The tax system favours self-employed people over employees and the indexation of state pensions is generous.

Perform a tax and spending review to allow for additional productivity-enhancing fiscal initiatives, for example by:

Raising national insurance contributions for the self-employed;

Indexing the state pension on average earnings only.

High consumer debt growth, coupled with stagnant household incomes, is a major financial stability risk.

Introduce debt-to-income ratios for borrowers depending on their exposure to shocks.

Disorderly exit from the European Union would hurt trading relationships, reducing long-term growth.

Maintain the closest possible economic relationship between the United Kingdom and the European Union.

Starting regional convergence in productivity

Productivity growth has been stagnant and there are productivity differentials across sectors and regions.

Develop integrated, regionally focused policy packages based on current and emerging regional strengths. Prepare impact assessments of the EU departure and climate change objectives.

Low transport infrastructure investment outside the south of England may have created bottlenecks, holding back agglomeration effects and associated productivity gains.

Champion the recently created strategic planning and delivery agencies for transport infrastructure to achieve a stable and more efficient long-term investment framework.

Invest in improving inter- and intra-city transport links where such investments can foster agglomeration effects and unlock related productivity benefits.

Subnational governments have limited fiscal autonomy, on both spending and taxes.

Housing supply is not responsive enough to demand.

Continue decentralisation by concluding deals with all city-regions.

Allow local authorities to retain more revenues from locally levied property taxes.

Research and development (R&D) is low, holding back innovation and its diffusion across regions, in particular in the least productive ones.

Continue to increase direct and indirect support for private and public R&D, and for the collaboration between businesses and universities to promote applied innovations and their diffusion.

Lagging regions find it difficult to attract or retain skills. Teacher shortages are high and retention rates are low, mainly at the secondary level. New teachers are unwilling to work in disadvantaged areas. As a result, not all students attain strong basic skills once they have completed their studies.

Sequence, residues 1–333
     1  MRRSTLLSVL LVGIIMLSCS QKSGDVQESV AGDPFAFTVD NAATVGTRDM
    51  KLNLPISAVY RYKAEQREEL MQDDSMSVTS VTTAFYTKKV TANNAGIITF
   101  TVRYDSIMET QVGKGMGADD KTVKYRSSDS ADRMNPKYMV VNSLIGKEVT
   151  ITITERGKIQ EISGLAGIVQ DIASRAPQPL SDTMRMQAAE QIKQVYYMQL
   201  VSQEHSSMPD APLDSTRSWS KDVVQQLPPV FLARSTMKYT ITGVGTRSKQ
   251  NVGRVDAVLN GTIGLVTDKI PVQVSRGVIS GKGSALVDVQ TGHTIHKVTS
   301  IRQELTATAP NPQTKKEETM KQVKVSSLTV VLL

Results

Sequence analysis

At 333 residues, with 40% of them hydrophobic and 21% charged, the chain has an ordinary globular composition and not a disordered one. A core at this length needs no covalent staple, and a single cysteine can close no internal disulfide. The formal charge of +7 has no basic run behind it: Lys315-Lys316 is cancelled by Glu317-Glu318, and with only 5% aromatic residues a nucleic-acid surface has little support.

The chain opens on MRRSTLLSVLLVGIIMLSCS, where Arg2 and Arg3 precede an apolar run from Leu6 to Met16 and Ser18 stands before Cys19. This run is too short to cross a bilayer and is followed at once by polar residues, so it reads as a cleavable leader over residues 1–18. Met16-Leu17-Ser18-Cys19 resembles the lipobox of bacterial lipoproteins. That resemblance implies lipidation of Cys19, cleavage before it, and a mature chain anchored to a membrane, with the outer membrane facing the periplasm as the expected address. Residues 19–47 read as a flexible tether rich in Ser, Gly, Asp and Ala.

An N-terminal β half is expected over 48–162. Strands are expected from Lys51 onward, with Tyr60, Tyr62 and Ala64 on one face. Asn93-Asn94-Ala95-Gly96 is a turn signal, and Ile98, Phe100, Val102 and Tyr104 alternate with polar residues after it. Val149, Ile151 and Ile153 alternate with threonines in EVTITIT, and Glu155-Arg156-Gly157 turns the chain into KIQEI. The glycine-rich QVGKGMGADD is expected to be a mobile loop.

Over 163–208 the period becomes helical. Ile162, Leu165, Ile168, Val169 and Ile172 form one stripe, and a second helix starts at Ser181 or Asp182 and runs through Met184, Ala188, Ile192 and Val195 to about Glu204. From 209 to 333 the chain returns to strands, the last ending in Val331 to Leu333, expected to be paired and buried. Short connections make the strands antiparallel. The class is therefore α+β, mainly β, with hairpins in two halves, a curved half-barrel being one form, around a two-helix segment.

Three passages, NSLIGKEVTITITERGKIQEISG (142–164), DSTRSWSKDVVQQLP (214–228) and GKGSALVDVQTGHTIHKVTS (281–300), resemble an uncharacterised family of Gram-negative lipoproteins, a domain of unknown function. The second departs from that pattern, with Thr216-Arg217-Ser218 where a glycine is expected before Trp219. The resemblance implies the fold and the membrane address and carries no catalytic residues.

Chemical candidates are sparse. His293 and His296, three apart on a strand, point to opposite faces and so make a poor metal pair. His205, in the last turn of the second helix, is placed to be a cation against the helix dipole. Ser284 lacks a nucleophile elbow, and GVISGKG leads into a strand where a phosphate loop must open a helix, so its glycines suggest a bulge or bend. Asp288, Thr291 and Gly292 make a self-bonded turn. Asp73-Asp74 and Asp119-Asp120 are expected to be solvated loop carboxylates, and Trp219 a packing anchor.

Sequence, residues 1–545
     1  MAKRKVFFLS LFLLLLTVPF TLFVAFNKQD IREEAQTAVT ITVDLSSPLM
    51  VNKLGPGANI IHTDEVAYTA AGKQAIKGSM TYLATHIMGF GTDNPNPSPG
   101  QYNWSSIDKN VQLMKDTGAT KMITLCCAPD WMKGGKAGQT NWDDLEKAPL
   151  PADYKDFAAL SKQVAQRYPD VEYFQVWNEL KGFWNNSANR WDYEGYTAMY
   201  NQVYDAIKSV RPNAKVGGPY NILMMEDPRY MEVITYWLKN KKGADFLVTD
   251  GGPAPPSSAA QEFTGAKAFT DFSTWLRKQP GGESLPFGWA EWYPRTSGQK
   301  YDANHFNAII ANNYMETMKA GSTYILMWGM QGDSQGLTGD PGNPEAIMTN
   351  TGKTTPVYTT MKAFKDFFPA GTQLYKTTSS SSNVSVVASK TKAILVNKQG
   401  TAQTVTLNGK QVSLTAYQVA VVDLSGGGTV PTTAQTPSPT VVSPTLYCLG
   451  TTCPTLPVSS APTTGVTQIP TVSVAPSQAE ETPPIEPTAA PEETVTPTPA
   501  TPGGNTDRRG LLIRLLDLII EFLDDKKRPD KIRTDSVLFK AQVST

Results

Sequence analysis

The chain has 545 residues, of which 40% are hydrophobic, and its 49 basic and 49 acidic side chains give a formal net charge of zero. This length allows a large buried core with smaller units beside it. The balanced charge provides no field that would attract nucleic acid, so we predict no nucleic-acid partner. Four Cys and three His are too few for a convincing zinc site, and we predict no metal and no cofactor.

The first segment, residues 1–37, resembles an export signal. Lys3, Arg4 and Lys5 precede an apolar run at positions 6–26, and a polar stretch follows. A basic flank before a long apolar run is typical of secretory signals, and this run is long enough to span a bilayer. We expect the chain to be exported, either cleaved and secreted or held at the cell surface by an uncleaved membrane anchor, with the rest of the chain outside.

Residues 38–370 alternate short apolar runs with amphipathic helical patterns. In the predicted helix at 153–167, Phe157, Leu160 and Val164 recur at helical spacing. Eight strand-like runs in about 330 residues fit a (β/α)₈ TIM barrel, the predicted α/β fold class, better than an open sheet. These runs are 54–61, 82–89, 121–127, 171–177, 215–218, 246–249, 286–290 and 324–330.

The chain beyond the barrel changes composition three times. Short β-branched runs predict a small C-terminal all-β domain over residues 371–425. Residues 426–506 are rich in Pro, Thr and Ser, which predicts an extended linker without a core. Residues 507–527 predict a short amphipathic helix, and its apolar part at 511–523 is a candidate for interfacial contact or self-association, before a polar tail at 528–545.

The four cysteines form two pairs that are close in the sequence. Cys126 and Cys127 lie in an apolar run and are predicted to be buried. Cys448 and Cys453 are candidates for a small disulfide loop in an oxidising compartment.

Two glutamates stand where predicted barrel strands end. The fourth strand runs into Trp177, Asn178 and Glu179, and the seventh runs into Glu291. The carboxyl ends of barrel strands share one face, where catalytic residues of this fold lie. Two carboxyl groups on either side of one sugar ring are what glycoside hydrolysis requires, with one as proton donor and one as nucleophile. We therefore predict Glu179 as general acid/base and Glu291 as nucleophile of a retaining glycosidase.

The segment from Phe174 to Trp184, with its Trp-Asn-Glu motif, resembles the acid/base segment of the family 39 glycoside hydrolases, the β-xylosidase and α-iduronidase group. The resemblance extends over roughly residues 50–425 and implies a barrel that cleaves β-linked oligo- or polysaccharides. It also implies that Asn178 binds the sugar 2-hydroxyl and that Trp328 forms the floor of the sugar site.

Allow more freedom to adapt technical education to local business needs.

Raise training and other incentives to recruit and retain teachers in disadvantaged areas and/or regions with high teacher shortages.

Improving productivity and job quality of low-skilled workers

Childcare participation is low at age 2 and the education and training of childcare staff could be improved, particularly in disadvantaged areas.

Prioritise funding to training and skills development of childcare staff.

Planned hikes in the minimum wage could price low-skilled workers out of standard forms of employment.

Use existing flexibility in reaching the National Living Wage 2020 target in case of negative economic shocks.

Growing use of non-standard forms of employment (self-employed, zero-hours contracts, etc.) can be detrimental to skill acquisition and job quality of low-skilled workers.

Grant workers on zero-hours contracts enhanced job security rights after three months.

Keep under review the interplay of taxes and welfare benefits to raise incentives to work more hours.

Introduce tighter criteria to restrict self-employment to truly independent entrepreneurs.

Low-skilled workers participate less in training relative to more skilled workers.

Introduce individually targeted programmes for low-wage and low-skilled workers to improve their lifelong learning opportunities.

The proportion of youth detached from the labour market is high, relative to other age groups.

Increase financing and continue to promote the effectiveness of active labour market policies for youth who are neither in employment nor in education or training.